Going Pro, With Cons<p>After graduation, Melendez headed to Fort Worth, where she'd landed a trainee contract with Texas Ballet Theater. It was a tough transition. "I went from training all day every day, to one morning class followed by standing on the side during hours of rehearsal," she says. Melendez's gifts were far from ignored, though. As a trainee, she danced in the corps of productions like <em>Swan Lake</em> and <em>Beauty and the Beast</em>, was one of six lead women in Ben Stevenson's world premiere <em>Martinu Pieces</em>, and led multiple performances of <em>The Nutcracker</em> as Clara.</p><p>At the end of the season, however, Melendez's worst nightmare came true. Her contract was not renewed because, at 5' 1", she was considered too short for the company. "My height had always been an insecurity," Melendez says. "Once, at a ballet competition, someone told me as I came offstage that I would never make it because I'm 'not built for dance.' " </p>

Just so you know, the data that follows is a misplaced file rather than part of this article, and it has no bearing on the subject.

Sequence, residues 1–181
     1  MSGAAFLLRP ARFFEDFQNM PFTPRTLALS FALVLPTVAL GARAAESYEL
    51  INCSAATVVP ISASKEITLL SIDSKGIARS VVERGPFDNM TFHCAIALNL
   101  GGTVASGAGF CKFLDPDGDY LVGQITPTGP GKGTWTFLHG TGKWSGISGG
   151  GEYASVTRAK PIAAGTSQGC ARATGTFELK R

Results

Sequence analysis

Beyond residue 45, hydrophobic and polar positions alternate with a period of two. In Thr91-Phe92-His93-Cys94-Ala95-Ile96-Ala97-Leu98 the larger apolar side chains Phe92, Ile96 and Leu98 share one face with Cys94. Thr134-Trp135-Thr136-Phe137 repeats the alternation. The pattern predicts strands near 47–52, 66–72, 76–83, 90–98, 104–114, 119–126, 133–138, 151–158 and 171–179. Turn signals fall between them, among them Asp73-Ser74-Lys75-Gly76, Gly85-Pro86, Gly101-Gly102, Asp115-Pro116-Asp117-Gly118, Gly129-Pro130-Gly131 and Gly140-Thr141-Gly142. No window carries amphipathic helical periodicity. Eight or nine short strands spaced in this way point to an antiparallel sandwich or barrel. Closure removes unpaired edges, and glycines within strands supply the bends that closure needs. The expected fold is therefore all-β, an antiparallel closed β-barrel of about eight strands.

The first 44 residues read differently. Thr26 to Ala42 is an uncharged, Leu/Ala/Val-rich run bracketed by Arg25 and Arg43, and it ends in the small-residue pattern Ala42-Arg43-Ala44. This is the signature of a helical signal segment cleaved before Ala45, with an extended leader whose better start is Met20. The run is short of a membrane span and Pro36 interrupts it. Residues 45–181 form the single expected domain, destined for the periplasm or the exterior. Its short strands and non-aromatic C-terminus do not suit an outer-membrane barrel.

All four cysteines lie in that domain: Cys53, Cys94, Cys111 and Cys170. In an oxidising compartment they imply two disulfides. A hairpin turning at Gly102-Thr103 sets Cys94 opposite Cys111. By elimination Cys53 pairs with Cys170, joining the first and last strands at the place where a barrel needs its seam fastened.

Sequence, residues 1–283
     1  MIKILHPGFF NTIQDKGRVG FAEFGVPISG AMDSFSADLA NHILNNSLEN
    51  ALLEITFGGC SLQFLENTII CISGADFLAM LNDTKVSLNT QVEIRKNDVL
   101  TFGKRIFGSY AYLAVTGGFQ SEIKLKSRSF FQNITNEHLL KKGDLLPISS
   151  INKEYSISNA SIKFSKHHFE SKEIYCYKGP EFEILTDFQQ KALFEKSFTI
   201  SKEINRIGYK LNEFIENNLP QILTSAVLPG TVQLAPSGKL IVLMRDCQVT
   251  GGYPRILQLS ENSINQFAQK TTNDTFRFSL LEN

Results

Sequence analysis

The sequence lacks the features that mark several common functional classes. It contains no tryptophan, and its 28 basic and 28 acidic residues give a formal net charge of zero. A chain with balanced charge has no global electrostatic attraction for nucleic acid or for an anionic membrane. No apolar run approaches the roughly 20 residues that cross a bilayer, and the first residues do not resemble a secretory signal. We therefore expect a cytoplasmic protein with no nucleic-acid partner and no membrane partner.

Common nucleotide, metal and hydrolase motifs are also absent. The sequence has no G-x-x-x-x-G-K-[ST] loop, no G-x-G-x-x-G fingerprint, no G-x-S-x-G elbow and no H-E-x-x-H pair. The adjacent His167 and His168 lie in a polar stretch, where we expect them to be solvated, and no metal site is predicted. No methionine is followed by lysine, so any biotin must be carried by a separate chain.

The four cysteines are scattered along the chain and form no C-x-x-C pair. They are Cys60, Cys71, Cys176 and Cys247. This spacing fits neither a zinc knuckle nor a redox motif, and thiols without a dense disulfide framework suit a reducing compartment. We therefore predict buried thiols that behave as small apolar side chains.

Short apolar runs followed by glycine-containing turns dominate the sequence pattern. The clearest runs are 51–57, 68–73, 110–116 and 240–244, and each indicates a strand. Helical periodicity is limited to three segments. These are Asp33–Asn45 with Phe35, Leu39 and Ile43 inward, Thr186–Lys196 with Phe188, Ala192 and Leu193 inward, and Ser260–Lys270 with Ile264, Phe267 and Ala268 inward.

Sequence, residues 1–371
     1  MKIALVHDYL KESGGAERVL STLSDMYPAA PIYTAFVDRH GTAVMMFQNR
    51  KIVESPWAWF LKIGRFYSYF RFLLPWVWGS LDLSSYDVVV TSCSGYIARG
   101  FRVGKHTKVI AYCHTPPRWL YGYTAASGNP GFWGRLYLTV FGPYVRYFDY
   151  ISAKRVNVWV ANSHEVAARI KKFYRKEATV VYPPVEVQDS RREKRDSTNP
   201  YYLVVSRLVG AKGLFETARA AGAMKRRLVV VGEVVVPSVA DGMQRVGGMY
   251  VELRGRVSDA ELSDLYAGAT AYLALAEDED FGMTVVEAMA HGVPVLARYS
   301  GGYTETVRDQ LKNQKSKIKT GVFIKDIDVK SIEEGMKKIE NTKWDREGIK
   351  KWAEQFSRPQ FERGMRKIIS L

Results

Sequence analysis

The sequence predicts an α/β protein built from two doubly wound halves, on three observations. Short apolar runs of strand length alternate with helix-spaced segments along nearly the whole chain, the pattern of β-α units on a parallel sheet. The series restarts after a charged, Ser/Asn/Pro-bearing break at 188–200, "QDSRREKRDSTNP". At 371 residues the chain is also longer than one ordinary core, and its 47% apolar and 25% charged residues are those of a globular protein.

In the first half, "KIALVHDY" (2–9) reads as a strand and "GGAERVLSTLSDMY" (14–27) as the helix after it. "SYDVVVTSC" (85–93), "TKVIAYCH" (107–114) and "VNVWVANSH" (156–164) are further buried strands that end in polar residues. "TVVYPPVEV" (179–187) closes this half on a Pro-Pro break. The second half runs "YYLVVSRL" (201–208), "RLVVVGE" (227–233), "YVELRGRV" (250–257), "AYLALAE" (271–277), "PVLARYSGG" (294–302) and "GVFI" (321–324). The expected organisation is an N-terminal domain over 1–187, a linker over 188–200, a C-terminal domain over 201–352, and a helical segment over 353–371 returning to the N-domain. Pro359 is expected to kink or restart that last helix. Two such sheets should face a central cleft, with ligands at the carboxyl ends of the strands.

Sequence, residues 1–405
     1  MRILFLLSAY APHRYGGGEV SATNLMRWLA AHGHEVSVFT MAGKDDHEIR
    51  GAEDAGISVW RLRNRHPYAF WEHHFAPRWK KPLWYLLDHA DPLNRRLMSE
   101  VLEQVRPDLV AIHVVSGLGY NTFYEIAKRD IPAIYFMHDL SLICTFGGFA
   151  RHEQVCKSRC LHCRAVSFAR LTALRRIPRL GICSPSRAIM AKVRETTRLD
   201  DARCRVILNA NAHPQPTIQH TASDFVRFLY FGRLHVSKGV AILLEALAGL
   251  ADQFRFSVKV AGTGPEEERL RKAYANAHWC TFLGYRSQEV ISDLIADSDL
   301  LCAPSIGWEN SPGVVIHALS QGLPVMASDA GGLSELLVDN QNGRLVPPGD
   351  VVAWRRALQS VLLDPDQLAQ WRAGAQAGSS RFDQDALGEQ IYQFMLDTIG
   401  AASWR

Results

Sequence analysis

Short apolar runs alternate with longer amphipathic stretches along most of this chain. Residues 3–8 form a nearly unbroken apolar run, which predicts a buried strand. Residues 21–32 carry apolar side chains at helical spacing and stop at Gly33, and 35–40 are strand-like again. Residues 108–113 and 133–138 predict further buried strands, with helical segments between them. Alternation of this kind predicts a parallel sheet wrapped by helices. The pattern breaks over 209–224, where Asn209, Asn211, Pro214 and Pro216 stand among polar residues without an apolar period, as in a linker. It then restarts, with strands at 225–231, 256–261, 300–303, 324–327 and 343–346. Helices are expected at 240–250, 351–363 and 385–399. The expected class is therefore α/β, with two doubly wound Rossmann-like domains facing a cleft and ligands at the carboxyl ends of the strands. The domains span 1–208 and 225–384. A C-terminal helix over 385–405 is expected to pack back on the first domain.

From left: Candy Tong, Melendez and Eriko Sugimura in Dwight Rhoden's Love Rocks
Justin Chao, Courtesy Complexions Contemporary ballet
Taking Flight<p>Thus began what Melendez calls the hardest, happiest two days of her life. More than 400 dancers showed up to the Complexions' open call in April 2018, but after technique classes and "the fastest I've had to learn choreography, ever," Melendez made it all the way through the final cut. By the end of the two nonstop days, she felt sure that Rhoden's daring, athletic contemporary movement was her true calling—but still assumed she wouldn't get the job.</p><p>She needn't have worried. As Desmond Richardson, Complexions' co-founder and co-artistic director says, "Tatiana clearly made her presence known from the moment she walked through the door. I remember Dwight and I saying, 'Wow, she's really something.' Her professionalism, her innate sense of musicality and the sheer force of her were quite nostalgic to me." Rhoden adds, "What made Tatiana stand out was her fearlessness. She applied corrections, dynamics and ideas immediately in the audition. She knows how to cross the t's and dot the i's."</p>
Simon Plant and Melendez performing Dwight Rhoden's WOKE
Stephen Pisano, Courtesy Complexions Contemporary Ballet
Whether it's cubed and roasted or puréed into a comforting soup, butternut squash takes center stage this fall. The flavorful seasonal favorite is an excellent nutritional choice for dancers. Here's what's packed into one serving: